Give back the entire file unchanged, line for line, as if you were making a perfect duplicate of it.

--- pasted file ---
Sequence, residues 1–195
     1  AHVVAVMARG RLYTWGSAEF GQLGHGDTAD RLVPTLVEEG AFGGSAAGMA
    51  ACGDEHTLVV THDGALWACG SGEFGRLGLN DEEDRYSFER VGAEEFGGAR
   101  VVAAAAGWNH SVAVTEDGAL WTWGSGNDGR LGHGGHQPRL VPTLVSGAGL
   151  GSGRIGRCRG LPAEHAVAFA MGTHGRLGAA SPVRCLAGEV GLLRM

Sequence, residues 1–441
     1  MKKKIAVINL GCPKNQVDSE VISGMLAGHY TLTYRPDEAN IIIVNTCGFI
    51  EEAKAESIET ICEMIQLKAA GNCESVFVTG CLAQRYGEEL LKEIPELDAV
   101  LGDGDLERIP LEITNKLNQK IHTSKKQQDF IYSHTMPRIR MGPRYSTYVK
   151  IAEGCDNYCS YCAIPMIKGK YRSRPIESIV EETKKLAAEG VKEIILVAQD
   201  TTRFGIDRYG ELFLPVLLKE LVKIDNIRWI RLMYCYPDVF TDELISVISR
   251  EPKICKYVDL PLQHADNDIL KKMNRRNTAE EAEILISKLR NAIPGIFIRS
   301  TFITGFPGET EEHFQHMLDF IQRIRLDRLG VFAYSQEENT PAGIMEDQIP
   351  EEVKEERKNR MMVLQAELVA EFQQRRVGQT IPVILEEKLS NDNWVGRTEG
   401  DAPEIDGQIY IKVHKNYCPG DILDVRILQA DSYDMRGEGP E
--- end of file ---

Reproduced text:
Sequence, residues 1–195
     1  AHVVAVMARG RLYTWGSAEF GQLGHGDTAD RLVPTLVEEG AFGGSAAGMA
    51  ACGDEHTLVV THDGALWACG SGEFGRLGLN DEEDRYSFER VGAEEFGGAR
   101  VVAAAAGWNH SVAVTEDGAL WTWGSGNDGR LGHGGHQPRL VPTLVSGAGL
   151  GSGRIGRCRG LPAEHAVAFA MGTHGRLGAA SPVRCLAGEV GLLRM

Sequence, residues 1–441
     1  MKKKIAVINL GCPKNQVDSE VISGMLAGHY TLTYRPDEAN IIIVNTCGFI
    51  EEAKAESIET ICEMIQLKAA GNCESVFVTG CLAQRYGEEL LKEIPELDAV
   101  LGDGDLERIP LEITNKLNQK IHTSKKQQDF IYSHTMPRIR MGPRYSTYVK
   151  IAEGCDNYCS YCAIPMIKGK YRSRPIESIV EETKKLAAEG VKEIILVAQD
   201  TTRFGIDRYG ELFLPVLLKE LVKIDNIRWI RLMYCYPDVF TDELISVISR
   251  EPKICKYVDL PLQHADNDIL KKMNRRNTAE EAEILISKLR NAIPGIFIRS
   301  TFITGFPGET EEHFQHMLDF IQRIRLDRLG VFAYSQEENT PAGIMEDQIP
   351  EEVKEERKNR MMVLQAELVA EFQQRRVGQT IPVILEEKLS NDNWVGRTEG
   401  DAPEIDGQIY IKVHKNYCPG DILDVRILQA DSYDMRGEGP E